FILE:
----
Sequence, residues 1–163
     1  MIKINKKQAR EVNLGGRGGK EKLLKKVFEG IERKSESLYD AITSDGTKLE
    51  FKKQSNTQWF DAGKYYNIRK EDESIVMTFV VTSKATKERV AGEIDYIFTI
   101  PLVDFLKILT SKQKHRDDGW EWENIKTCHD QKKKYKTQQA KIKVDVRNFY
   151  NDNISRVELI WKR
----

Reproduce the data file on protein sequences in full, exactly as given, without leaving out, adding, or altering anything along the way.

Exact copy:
Sequence, residues 1–163
     1  MIKINKKQAR EVNLGGRGGK EKLLKKVFEG IERKSESLYD AITSDGTKLE
    51  FKKQSNTQWF DAGKYYNIRK EDESIVMTFV VTSKATKERV AGEIDYIFTI
   101  PLVDFLKILT SKQKHRDDGW EWENIKTCHD QKKKYKTQQA KIKVDVRNFY
   151  NDNISRVELI WKR